Escalating violence in Palestine, starting with the 1967 and the 1973 wars, led to Said’s growing involvement with the Palestinian cause. As a member of the Palestinian National Council from 1977-1991, Said became a close ally to Yasser Arafat. While he later would vehemently disagree with the late chairman of the PLO, Said explains that the “PLO made it possible for the Palestinians to have an identity.”
His major break with Arafat’s leadership came with the signing of the Oslo Accord in 1993 that had “nothing about the end of occupation [and] nothing about settlements of Jerusalem.” According to Said, Arafat had simply stopped caring for his people and Oslo was nothing more than a “victory for Zionism.” Arafat answered back by banning Said’s books in Palestine.
But, for Said, Arafat is not the only one to blame for the injustices done to the Palestinians. Israeli leader Ehud Barak, showed one face to the rest of the world while he actually went against the Oslo agreement. Implementing more settlements, Barak’s “generous offer” included “bits of land bounded by Israeli land … Palestinians were accepting smaller and smaller bits.”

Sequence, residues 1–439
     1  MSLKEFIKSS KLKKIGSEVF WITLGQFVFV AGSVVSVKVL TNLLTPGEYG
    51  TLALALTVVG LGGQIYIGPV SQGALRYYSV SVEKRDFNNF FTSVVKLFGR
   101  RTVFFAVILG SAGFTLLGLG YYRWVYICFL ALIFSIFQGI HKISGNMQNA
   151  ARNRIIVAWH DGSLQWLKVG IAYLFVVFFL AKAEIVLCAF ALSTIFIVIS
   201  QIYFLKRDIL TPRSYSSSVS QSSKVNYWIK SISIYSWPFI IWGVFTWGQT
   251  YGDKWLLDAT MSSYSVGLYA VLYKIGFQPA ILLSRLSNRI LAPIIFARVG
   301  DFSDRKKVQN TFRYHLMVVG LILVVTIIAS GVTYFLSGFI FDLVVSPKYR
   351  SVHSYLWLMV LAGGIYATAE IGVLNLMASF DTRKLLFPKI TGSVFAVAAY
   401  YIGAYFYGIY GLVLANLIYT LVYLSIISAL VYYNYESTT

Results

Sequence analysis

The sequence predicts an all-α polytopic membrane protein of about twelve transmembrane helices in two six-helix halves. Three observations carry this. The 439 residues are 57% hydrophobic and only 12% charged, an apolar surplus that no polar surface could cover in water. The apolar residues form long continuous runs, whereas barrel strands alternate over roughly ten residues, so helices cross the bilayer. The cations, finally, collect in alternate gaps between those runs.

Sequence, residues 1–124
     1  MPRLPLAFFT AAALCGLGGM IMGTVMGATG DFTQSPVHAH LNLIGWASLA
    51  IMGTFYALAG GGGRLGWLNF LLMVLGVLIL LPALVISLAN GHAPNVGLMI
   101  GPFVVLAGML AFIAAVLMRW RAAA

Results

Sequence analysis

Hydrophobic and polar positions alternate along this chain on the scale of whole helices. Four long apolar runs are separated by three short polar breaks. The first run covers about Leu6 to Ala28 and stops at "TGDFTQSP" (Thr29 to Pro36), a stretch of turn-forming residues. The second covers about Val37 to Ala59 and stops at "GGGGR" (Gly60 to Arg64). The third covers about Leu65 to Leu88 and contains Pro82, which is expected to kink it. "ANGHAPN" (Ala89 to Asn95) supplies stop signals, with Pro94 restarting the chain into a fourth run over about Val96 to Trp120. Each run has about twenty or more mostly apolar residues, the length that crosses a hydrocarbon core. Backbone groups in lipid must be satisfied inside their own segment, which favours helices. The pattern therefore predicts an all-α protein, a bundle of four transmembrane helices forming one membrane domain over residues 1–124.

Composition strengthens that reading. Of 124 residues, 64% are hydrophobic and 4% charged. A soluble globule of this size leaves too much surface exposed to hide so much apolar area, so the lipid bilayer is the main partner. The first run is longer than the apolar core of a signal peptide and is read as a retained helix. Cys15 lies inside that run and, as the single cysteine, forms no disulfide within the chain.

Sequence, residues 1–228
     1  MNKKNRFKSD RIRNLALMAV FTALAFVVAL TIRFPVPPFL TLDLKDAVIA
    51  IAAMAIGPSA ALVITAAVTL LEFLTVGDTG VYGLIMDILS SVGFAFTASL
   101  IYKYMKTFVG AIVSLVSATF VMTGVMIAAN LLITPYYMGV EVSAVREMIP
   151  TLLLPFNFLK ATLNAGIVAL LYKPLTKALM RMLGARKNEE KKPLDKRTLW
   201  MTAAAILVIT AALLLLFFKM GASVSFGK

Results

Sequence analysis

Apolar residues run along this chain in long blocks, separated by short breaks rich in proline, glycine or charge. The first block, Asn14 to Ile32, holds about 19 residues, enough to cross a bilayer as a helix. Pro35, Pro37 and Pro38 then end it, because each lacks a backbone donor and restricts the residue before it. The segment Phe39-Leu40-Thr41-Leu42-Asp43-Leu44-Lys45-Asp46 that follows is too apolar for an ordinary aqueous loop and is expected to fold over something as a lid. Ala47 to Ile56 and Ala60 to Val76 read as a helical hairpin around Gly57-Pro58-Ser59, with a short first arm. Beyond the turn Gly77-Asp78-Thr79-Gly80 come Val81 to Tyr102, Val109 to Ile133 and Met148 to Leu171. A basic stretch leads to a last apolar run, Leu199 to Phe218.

Mixed in with Said’s condemnation of the corrupt Palestinian and Israeli leaders, is his analysis of Palestinian society. For him the main problem lies in the fact that the “intellectual class — teachers, doctors, and lawyers — never stood up to Arafat.” There are study centers in the West Bank “but people aren’t taught about Israeli society.” With the absence of role models and understanding of their occupiers the Palestinian people are also at fault.
Said spent thirty years as a professor in English and Comparative Literature at New York’s prestigious Columbia University and never thought of returning to live in Palestine. In his classroom he never taught politics, only literary classics. This distance and separation between his worlds grew out of his feeling that he “could do more in America.”
Perhaps the most captivating moments occur when Said elucidates his solutions for the future of the conflict. In a situation that is focused around land, he suggests that they must live together. “It’s fine if Israelis want a state but not at the cost of Arab lives.” Israelis and Palestinians need to “admit the existence of another people.” No matter how utopian it is, Said presses for living side by side as citizens, not separate nations. Otherwise, in terms of the Palestinians “all that’s being offered is that they negate themselves.”
Relying heavily on his memories and stories of past involvements, Edward Said’s last interview does not come across as the final words of a passionate multi-faceted man. Whether you are familiar with Edward Said’s career and writings or not, this film is an honest and enthralling tribute to a man who defied categorization and inexorably fought for truth and justice.
Jenny Gheith is currently pursuing her master’s degree in Art History, Theory, and Criticism from the School of the Art Institute of Chicago.